Prepare Daylilies for a Spring through Summer Show
My perennial garden bed is primarily composed of daylily (hemerocallis spp.) varieties. My daylily garden began in 1995, when I mail-ordered the first set of plants. After accumulating about 12 varieties, I stopped purchasing and began maintaining those already in the garden.
Over time, the daylilies form clumps that become more and more crowded — resulting in plants that produce few flowers and partially die back.
Daylily clumps should be periodically divided each year—not less than once every 3 years (depending on location and amount of growth) and then re-planted for optimum flowering and overall plant health. Daylilies originated in Europe and are grown throughout the United States. Check the recommended USDA zones to ensure the best opportunity for successfully growing daylilies in your area.
Once established, daylilies provide color from early Spring through Summer (blooming pattern is different for each variety). After the flowering stops, leave daylilies in the ground to naturalize (continue to grow) and return the following year. Dormant varieties will freeze to the ground, evergreen varieties grow throughout the year (very slowly in cold weather periods) and semi-evergreen varieties die back in cold, but remain green in warmer climates.
I have all three growing types, so there is always some daylily foliage in the perennial bed–whether winters are harsh or mild (generally mild around here). NOTE: Temperature range will determine whether the daylily is evergreen, semi-evergreen or deciduous (dies back to the ground with freezing). An “evergreen” grown in warmer regions may be semi-evergreen or deciduous in cooler regions).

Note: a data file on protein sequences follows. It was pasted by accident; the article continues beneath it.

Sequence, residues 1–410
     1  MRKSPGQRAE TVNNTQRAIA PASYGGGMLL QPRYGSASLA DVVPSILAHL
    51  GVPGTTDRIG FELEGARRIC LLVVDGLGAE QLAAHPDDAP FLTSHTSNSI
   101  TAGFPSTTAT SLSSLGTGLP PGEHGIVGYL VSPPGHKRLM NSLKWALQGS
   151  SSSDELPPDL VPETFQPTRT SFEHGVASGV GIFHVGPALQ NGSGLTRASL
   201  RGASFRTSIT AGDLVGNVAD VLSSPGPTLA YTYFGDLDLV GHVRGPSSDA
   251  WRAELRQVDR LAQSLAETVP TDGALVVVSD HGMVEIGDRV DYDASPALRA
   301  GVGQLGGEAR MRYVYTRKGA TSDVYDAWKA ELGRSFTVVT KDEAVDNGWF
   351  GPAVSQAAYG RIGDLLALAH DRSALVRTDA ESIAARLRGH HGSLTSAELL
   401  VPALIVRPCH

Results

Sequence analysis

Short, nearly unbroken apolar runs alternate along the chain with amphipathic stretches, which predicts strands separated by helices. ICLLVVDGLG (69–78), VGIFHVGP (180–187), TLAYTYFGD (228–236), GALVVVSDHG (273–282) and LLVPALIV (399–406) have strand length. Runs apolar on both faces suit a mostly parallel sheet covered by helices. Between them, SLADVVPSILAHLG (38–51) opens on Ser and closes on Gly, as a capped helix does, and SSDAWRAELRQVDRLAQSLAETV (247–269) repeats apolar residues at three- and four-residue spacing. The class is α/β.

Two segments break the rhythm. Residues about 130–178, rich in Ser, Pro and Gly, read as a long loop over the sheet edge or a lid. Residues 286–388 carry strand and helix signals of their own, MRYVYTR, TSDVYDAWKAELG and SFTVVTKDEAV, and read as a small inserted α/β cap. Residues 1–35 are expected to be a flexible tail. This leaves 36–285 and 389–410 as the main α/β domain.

The picture to the left (taken October 27, 2013) shows how over-grown my daylily bed has become — excessively large clumps of daylilies form islands in the bermuda grass. This garden bed has been quite neglected over the past 3 years.
While it can be completely overwhelming to even think about dividing clumps and removing grass, now is the time–while the bermuda is still dormant (not pictured).The final clean up results are shown below (one final additional layer of mulch is needed) :
Thanks to a 7-day interval of Spring-like weather in mid-February, I worked 1 to 1 1/2 hours each evening, cleaning up one chunk of garden bed each day (be prepared for a mess that lasts while you are working).
Standard sized tools
- large shovel —- digging up daylily, shamrock, and daffodil clumps
- plow hoe —- chopping, and pulling bermuda roots and stolons (triangular head, pointed at digging tip)
- four tine garden cultivator—– chopping and pulling grass and other weed roots down to 6 or 7 inches depth (looks like a four-tine fork, that is bent 90 degrees, like a hoe)
- spade —- dividing clumps, digging new holes for plants from divided clumps
- four tine hand-held garden cultivator —- chopping for any remaining bermuda grass stolons and roots
- leaf rake —- smoothing out and leveling the surface (soil first, then mulch)
Watch for more on this bed as we approach Summer — I am hoping for a banner year for these perennials!